Title: On One Condition
Author: Diane Alberts
May Contain Spoilers
OCD kindergarten teacher Johanna hates Valentine’s Day. She hates romance, hates commercialism, and definitely hates her school’s annual charity date auction. She never expects her pre-auction night of drinking to land a sexy Brit in her bed. Or for that Brit to show up at the auction, bid thousands just to talk to her again, and get down on one knee in front of everyone and ask her to marry him.
Viscount Damon Hayes has never met anyone like Johanna. She’s neurotic, fascinating, and fun. She also doesn’t care about his title and doesn’t want his money, which makes Johanna perfect to fulfill a surprise clause in his father’s will: marry within three months and remain married for a year, or lose his fortune. A relationship is out of the question, but when passions ignite and the two fall in love, their marriage of convenience becomes anything but.
On One Condition did not work for me, and my major dissatisfaction rests right at the hero’s feet. Damon is not hero material, at least not to me. I like a hero who is forceful and strong, who also has a tender side, especially when interacting with the heroine. He needs to be decisive, needs to know how to make goals and then relentlessly pursue them. As much as I can dislike business tycoons for being asshats, at least they know how to make a plan and get results.
To me, Damon came across as very immature and very unworldly. He’s British, a Viscount, and for most of his life, he’s goofed around. He hasn’t accomplished anything of worth. Instead, he has ridden on his father’s coattails and sponged off of his immense wealth. While I would like the opportunity to not have to worry about working ever again, I want my hero to be down in the trenches, making his fortune and future by the power of his blood, sweat, and tears. Damon wasn’t engaged in his own livelihood until after the death of his father, and even then, he is too trusting of others. Maybe I didn’t like him because he isn’t a businessman and he isn’t a cynic when it comes to work. When women were involved, he was quite cynical, believing that all of them were fortune hunters and only after his bank accounts. This didn’t work for me because I couldn’t separate his business self from his pleasure seeking self. If he were that naive in his business dealings, surely he would be that naïve in his relationships with women.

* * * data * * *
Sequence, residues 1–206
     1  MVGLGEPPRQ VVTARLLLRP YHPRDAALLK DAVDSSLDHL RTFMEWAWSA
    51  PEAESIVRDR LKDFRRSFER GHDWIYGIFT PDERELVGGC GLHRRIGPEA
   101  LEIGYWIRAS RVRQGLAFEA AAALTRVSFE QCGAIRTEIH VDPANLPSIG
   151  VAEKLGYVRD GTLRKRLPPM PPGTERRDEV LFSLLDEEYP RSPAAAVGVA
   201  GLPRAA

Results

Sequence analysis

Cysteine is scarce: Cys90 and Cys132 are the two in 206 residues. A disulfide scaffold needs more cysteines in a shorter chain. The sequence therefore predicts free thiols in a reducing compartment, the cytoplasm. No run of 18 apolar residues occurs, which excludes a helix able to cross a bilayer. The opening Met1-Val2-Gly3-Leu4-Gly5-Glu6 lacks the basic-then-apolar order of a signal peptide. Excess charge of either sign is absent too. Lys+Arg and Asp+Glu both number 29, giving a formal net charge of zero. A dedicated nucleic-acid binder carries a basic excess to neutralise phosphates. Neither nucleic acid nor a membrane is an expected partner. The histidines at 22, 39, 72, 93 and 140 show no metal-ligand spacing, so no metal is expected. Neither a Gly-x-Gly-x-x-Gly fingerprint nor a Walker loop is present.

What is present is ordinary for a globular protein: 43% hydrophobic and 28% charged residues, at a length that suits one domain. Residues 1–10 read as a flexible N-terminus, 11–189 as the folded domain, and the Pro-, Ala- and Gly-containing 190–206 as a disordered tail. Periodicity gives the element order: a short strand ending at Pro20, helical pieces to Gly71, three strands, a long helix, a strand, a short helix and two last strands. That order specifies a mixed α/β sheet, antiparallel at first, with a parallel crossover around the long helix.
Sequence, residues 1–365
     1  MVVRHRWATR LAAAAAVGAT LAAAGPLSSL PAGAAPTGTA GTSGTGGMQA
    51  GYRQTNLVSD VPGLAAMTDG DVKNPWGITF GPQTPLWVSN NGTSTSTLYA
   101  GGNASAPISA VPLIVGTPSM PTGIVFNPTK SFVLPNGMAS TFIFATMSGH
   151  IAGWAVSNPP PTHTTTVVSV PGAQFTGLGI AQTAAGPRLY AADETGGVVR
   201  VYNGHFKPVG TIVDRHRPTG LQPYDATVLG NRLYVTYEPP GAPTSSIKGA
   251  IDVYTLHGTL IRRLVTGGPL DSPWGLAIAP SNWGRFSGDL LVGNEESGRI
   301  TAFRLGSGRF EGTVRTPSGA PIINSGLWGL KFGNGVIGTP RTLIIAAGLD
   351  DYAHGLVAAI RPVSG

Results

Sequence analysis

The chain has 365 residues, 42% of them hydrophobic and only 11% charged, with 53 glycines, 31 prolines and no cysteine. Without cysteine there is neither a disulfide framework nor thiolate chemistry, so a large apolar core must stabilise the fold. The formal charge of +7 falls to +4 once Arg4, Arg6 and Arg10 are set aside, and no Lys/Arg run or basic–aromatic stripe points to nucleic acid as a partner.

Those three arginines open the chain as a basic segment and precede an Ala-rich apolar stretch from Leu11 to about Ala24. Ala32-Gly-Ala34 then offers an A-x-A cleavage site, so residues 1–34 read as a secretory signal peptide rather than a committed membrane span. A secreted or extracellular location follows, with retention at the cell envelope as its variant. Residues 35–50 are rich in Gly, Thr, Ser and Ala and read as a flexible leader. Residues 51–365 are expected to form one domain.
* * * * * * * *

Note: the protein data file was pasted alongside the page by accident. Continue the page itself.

The complexity of some of the plot threads didn’t work for me, either, and I blame that on the shorter length of the story. Some of the roadblocks that sprang up to drive a wedge between Johanna and Damon weren’t developed to my satisfaction. Johanna’s relationship with her mother is only briefly explored. Her childhood has a huge impact on her relationships with other people, and the reason for her social isolation stems from her relationship with her mother.
While On One Condition didn’t work for me, I am looking forward to reading Divinely Ruined, Diane’s April release from Entangled Publishing.
Review copy provided by publisher